In the past decades, the exploitation of patents has shifted from
purely internal exploitation, e.g., securing products from copying,
to an active commercialization of patents outside the company (e.g.,
patent sales or licensing agreements). However, only few pioneering
firms seem to be able to profit from external patent exploitation.
Many other firms experience major difficulties due to inefficiencies
in the market for technology. Because the potential of the market
for technology seems to be untapped, a new business model has
emerged: the technology market intermediary. Technology market
intermediaries are agents that fulfill a wide variety of tasks and
functions relating to the supply and demand of patents, e.g., value
patents, negotiate transaction prices or identify transaction
partners. The activities of technology market intermediaries may
help to overcome the inefficiencies in the market for technology and
facilitate external exploitation of patents.
Only few publications deal with technology market intermediaries and their utilization in firms’ external patent exploitation projects. These publications mainly describe single technology market intermediaries. However, publications on when and why firms make use of technology market intermediaries and how technology market intermediaries can be utilized for external patent exploitation are lacking. Applying a exploratory, qualitative research design and conducting case study research, my dissertation targets this white spot in management research. In order to close this gap, I intend to develop a profound theoretical framework for the management of external patent exploitation projects utilizing technology market intermediaries and to derive a typology of the modes of external patent exploitation projects using technology market intermediaries.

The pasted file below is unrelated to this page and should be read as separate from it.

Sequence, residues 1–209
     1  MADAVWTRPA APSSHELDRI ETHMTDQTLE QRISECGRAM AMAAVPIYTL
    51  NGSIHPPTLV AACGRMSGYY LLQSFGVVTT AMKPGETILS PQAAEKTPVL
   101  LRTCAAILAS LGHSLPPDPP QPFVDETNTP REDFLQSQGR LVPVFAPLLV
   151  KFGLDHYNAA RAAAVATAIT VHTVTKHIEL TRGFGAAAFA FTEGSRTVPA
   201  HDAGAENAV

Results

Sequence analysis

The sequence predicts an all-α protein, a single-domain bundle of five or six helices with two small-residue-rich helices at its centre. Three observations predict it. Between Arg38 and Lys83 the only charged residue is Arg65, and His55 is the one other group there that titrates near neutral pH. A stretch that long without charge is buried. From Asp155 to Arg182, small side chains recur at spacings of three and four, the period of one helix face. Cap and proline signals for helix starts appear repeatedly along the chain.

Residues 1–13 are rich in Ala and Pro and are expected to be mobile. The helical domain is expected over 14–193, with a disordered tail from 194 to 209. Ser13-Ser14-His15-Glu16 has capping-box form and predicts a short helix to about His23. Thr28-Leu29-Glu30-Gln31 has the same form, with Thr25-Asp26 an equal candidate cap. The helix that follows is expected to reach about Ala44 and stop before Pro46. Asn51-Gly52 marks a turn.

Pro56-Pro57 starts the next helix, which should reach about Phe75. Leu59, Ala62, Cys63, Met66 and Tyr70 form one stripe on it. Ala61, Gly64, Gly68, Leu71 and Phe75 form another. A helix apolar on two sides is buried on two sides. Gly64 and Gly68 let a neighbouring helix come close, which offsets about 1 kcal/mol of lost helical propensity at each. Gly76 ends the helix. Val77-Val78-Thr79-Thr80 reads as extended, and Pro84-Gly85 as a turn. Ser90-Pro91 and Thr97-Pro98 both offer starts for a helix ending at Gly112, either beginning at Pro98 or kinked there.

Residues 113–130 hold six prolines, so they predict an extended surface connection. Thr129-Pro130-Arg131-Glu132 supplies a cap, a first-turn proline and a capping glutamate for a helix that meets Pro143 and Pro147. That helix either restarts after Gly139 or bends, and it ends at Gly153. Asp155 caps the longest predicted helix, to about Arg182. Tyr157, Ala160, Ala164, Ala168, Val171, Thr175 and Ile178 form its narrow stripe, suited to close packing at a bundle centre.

The primary goals of a visiting fellowship at the Intellectual Property Research Institute of Australia (IPRIA) of the University of Melbourne are to finalize my dissertation and to prepare two joint academic publications. As a visiting scholar, I will have the opportunity to work and publish with Professor Elizabeth Webster, a renowned scholar in my field of research. Furthermore, I would benefit from discussing my ideas and results with the multidisciplinary faculty of the IPRIA. Therefore, a visiting fellowship will help me to improve my academic skills and to deepen my theoretical, methodological, and publishing knowledge.
External patent exploitation, Technology transfer, Patent management, Technology market intermediaries
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Case study research